This week, we saw the strange and astonishing saga of two Sri Lankan human rights activists who were peremptorily arrested and detained under the Prevention of Terrorism Act (PTA, 1979) and then released without charges with various branches of the Government differing on almost every circumstance relating to this incident.
The sequence of events thereto illustrates a regime which appears not to know what it is doing. It seems as if there is fundamentally contradictory tug and pull within the highest echelons of the ruling administration. Needless to say, the consequences thereto are immeasurably dangerous for the country.
Indeed at one point, the basic factual incongruities became stark, amounting to sheer absurdity. Following the arrests, Sri Lanka’s Permanent Representative stated with appropriately dramatic flair that activist Rukshan Fernando and a Catholic priest, Fr Praveen had been ‘engaging with persons connected to Gobi’ (an ex-LTTE cadre). Gobi, we were told, was implicated in the recovery of an arms caché at Vishwamadu and a shooting incident in Dharmapuram. The arrest of a Northern war widow Balendran Jeyakumari under the PTA was also justified on this same basis.
As Alice in Wonderland would have had occasion to remark, things were thereafter to get ‘curiouser and curiouser’ after this dire warning when the two human rights defenders were released in Colombo with the police spokesman emphasizing quite correctly that no charges had been filed. Compounding this farce, the Ministry of External Affairs, in a most extraordinary blunder, then issued a release stating that they had been released was on bail which stood in immediate contradiction to what the police spokesman had declared.
Appalling misuse of the PTA
As this grim comedy went on with observers watching appalled and transfixed as it were, the Terrorism Investigation Department (TID) obtained a court order impounding the passports of the two activists (which was later varied to securing prior court permission for travel), seizing their laptops and quite unprecedentedly, warning them not to talk about the case nationally or internationally. Meanwhile Jeyakumari remains in detention without charges being filed against her and with her daughter Vibooshika languishing in a child care home. Vibooshika’s affidavit handed to her lawyers this week indicates the abuse that the mother was subjected to with the daughter as an unwilling witness.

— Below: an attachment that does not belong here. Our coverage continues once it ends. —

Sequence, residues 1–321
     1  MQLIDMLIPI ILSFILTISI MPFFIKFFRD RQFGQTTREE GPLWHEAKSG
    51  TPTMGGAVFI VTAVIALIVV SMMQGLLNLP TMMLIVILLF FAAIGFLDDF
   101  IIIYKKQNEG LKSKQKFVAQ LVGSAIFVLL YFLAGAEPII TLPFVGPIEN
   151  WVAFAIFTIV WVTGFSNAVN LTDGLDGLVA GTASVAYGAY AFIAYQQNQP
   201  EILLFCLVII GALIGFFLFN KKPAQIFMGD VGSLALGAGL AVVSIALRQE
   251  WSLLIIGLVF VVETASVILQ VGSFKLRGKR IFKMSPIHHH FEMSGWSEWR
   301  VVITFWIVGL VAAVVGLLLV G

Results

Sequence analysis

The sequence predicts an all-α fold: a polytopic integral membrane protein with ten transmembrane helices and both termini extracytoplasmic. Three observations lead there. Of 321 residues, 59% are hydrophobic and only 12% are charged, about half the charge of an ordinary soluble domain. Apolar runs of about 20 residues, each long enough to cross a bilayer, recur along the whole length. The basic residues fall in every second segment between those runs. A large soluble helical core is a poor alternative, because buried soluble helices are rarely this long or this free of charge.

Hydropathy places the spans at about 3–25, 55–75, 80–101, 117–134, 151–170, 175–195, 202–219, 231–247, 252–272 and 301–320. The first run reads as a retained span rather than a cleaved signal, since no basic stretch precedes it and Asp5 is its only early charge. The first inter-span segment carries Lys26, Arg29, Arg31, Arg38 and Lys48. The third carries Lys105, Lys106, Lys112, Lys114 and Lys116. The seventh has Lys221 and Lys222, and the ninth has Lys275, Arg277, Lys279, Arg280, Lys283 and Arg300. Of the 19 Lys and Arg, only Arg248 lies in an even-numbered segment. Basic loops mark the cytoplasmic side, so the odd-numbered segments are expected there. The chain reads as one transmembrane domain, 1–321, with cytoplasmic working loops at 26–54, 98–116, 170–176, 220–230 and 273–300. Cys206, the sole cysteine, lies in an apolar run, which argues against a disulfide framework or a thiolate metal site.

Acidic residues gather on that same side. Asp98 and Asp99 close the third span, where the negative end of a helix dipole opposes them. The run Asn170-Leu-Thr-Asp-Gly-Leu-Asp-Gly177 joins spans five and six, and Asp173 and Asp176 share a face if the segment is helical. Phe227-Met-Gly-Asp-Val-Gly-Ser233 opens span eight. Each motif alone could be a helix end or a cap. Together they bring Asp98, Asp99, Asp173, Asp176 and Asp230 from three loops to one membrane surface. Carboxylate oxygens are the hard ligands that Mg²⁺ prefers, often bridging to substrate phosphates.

In all genuineness, if one searched assiduously for a better illustration of the appalling misuse of the PTA, one could not find a better example than this. These three arrests give the final lie to the Government oft-repeated claim that the emergency regime is at an end. Not so. In fact, we are in a worse off situation as the Emergency Regulations under the Public Security Ordinance (1947) at least had to be debated regularly in Parliament and allows access of family members and counsel to a detainee. The PTA has no such safeguards. Access of lawyers to PTA detainees is not as a matter of right. Practically, lawyers are impeded at every point from affording basic legal counsel. The PTA’s post 2009 strengthening has been used by Sri Lanka’s defence establishment to strike terror into the hearts of dissenters and critics. Its use against Tamil journalist J.S. Tissainayagam and Muslim politician Azath Salley some time ago was a good case in point. In both instances, the vaguely defined PTA offence of causing racial and communal disharmony was utilized as appears to be the case this month as well.